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I mean the mere fact that several key states violated their own laws by edict of bureaucrat's and judges was enough to at least bring a case but the judges circled the wagon's.

It was enough to bring a case, and the Trump campaign brought that case. They just lost the case. The judges didn't "circle the wagons" - they simply disagreed with the Trump campaign's (and your) interpretation of the law. They specifically held that the voting procedures adopted in those states did not violate state law.

You can disagree with those rulings, of course. But it's hard to argue that this is 'fraud' (or that you need a Commission to investigate them). These were rules and procedures that were put in place, publicly, by the officials in charge of running elections, pursuant to authority delegated to them by the state Legislatures, and which both the authority and the rules were later adjudged by courts of competent jurisdiction to be lawful at every level of appeal. When voters and election officials then follow those rules and procedures, that's not really 'fraud.' It's just that you dispute whether the rules were lawful, not whether someone was committing skullduggery to avoid the rules.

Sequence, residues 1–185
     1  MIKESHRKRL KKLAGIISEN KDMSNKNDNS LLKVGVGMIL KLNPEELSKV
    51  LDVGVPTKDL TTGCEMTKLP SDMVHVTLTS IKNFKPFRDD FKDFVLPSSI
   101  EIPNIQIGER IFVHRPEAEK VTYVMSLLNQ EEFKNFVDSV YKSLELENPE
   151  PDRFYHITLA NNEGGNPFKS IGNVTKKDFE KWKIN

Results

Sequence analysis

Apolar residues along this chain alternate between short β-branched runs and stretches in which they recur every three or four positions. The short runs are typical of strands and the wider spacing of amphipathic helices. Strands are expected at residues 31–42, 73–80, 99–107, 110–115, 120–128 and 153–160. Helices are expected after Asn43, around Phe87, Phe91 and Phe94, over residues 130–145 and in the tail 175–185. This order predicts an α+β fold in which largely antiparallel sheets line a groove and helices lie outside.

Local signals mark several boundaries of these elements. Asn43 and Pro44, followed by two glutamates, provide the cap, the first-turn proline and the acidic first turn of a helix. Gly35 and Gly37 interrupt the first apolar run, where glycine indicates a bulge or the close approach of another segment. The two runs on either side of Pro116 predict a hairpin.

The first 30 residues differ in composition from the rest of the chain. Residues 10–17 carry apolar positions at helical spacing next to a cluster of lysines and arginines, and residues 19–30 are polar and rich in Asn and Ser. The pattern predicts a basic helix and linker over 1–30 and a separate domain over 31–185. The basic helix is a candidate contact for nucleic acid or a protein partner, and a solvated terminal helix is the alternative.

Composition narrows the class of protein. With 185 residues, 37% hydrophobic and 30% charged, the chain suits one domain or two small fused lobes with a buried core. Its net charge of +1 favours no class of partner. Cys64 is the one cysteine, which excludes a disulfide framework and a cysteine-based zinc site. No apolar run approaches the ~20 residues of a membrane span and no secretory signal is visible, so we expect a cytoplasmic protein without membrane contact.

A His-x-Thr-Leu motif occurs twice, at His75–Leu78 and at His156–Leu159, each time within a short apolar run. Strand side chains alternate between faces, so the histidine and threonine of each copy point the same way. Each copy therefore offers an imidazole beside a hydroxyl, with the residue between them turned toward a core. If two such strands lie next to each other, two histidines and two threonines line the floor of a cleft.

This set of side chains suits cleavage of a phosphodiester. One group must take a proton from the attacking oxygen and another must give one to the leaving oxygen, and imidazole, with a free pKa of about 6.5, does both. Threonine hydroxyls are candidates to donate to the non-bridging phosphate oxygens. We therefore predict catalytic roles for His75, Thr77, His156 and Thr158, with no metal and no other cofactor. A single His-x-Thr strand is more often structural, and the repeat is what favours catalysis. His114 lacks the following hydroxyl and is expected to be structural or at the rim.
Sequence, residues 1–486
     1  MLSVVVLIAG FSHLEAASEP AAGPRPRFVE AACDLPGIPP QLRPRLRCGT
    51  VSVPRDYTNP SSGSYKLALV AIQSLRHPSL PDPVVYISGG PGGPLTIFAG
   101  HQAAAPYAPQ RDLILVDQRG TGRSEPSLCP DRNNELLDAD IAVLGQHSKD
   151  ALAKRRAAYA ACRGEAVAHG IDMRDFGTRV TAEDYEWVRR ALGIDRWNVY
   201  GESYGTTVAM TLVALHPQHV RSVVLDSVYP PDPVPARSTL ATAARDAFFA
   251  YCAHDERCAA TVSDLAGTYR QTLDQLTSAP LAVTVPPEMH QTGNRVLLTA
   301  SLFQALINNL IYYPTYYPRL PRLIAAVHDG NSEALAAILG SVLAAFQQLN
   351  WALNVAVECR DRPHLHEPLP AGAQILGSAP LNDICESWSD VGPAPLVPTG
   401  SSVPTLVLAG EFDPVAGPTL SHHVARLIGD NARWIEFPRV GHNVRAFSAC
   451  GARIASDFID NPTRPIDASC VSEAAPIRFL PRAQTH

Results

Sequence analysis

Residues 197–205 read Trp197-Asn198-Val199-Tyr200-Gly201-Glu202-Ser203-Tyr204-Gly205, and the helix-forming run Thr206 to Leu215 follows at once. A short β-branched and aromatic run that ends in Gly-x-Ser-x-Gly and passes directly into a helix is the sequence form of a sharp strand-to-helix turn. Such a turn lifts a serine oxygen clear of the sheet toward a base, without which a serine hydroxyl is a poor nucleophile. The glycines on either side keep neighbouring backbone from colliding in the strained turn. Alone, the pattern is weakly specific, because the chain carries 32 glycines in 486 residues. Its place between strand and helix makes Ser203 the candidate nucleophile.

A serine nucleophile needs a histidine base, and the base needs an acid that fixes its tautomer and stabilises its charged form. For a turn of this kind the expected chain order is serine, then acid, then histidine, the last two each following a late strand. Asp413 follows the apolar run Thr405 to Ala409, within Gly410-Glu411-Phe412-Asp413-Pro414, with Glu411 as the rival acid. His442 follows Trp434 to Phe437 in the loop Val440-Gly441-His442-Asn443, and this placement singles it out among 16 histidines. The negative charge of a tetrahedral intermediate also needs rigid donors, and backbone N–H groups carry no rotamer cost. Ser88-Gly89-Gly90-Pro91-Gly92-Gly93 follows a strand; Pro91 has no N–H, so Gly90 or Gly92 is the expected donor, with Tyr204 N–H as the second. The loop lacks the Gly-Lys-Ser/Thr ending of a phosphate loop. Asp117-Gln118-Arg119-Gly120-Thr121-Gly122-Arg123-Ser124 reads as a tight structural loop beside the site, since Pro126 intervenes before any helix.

Albaby
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